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Tamiflu influenza neuraminidase inhibitors conflicts of interest

(stanrandom/Flickr)

This winter, if your doctor suggests that you take Tamiflu, you might want to ask for a conflict of interest statement: a new study suggests that doctors who received payments from the makers of flu-fighting neuraminidase inhibitors—drugs like Tamiflu® and Relenza®—were more likely to view the drugs’ prowess in a favorable light.

In the study, published last week in the Annals of Internal Medicine, a team led by Boston Children’s Hospital’s Florence Bourgeois, MD, MPH, tallied up the financial connections of doctors who participated in 37 reviews of neuraminidase inhibitors.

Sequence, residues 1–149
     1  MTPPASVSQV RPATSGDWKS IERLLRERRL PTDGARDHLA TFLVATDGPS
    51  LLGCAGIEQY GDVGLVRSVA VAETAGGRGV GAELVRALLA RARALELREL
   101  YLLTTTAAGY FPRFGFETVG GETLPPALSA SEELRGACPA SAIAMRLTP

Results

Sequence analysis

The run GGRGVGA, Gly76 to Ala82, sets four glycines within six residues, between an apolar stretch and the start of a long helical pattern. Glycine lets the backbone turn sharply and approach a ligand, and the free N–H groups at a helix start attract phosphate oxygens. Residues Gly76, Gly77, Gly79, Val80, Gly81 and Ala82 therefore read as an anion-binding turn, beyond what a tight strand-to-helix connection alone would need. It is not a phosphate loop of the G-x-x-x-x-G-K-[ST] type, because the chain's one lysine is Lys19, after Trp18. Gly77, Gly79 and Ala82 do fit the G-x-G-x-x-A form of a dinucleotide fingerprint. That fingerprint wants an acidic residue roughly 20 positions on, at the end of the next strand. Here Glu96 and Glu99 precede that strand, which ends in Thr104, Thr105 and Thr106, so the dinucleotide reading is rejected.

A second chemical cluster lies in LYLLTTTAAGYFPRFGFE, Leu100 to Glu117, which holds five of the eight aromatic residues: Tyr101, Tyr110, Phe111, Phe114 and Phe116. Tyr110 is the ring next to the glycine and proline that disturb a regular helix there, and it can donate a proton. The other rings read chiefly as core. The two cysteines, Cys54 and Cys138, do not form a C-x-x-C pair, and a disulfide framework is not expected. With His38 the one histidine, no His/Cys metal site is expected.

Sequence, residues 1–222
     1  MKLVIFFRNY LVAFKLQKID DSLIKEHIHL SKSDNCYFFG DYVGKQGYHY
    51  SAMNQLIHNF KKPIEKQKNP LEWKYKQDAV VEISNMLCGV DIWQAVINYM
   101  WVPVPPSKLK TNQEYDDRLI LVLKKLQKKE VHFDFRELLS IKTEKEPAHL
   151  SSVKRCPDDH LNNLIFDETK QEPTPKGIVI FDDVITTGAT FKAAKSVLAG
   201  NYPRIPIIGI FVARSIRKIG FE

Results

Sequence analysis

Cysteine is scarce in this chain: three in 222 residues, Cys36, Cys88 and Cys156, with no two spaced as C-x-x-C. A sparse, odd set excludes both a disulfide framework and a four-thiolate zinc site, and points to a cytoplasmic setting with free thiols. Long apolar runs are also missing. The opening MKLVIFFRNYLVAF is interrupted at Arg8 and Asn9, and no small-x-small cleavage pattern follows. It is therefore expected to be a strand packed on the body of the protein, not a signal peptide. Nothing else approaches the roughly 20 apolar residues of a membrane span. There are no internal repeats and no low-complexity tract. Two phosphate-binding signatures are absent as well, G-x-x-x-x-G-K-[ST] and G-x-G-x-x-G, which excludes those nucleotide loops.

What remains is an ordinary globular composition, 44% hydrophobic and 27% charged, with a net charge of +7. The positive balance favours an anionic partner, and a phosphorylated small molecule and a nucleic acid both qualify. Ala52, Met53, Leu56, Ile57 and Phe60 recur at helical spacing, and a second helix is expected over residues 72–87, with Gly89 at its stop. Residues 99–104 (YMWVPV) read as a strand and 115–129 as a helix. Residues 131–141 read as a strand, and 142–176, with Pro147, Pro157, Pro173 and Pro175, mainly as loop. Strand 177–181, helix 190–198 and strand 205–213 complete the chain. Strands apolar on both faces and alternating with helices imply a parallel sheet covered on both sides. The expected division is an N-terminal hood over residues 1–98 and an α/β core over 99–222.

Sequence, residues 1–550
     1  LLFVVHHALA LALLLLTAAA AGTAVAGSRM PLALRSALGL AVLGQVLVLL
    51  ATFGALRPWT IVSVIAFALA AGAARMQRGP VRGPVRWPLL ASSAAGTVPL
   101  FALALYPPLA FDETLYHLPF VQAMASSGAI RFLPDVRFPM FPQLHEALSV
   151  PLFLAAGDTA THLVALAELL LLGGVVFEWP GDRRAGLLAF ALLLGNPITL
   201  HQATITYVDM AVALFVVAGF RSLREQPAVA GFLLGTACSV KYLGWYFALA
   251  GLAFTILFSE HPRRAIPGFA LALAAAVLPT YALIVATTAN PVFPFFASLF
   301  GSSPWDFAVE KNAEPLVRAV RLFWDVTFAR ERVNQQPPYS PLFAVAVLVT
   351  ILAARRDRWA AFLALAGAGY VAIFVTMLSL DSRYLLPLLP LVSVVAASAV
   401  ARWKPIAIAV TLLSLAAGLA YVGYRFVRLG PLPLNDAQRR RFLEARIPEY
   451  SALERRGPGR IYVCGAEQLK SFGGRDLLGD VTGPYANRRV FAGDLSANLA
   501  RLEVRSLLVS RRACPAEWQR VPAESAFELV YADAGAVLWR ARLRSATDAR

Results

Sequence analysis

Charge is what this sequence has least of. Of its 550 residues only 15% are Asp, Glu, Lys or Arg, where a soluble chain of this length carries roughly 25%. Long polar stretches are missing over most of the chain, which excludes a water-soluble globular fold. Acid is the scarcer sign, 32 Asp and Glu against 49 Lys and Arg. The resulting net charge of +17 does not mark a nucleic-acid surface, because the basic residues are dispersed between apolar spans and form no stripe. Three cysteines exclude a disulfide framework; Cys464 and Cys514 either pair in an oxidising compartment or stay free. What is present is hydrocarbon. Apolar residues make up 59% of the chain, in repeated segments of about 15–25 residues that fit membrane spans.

While it’s been unclear for years whether these drugs really are effective against influenza, it was crystal clear that financial relationships are associated with positive reviews. Full story »

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Breast cancer cholesterol ezetimibe Zetia angiogenesisYou are what you eat, the saying goes. For some conditions (think cardiovascular disease or type 2 diabetes), there are clear connections between diet, health and illness.

For breast cancer, the picture is less clear. Many epidemiologic and laboratory studies have examined the Western diet (in particular, cholesterol) and its relation to breast cancer, with conflicting results.

“There’s been a raging debate in the field,” says Christine Coticchia, PhD, who works in the laboratory of Boston Children’s Hospital’s Vascular Biology Program director, Marsha Moses, PhD. “The biology of cancer and of cholesterol are so complex, and there are many subsets of breast cancer. In order to find any connections, you have to ask very specific questions.”